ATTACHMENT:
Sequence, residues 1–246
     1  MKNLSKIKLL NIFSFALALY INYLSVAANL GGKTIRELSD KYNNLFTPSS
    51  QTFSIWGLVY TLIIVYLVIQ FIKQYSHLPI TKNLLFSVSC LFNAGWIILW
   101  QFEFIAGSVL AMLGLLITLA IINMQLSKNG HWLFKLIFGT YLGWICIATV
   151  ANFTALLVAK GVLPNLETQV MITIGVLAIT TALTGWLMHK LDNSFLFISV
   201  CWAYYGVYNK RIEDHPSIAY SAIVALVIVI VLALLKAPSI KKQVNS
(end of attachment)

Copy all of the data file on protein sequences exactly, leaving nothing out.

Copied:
Sequence, residues 1–246
     1  MKNLSKIKLL NIFSFALALY INYLSVAANL GGKTIRELSD KYNNLFTPSS
    51  QTFSIWGLVY TLIIVYLVIQ FIKQYSHLPI TKNLLFSVSC LFNAGWIILW
   101  QFEFIAGSVL AMLGLLITLA IINMQLSKNG HWLFKLIFGT YLGWICIATV
   151  ANFTALLVAK GVLPNLETQV MITIGVLAIT TALTGWLMHK LDNSFLFISV
   201  CWAYYGVYNK RIEDHPSIAY SAIVALVIVI VLALLKAPSI KKQVNS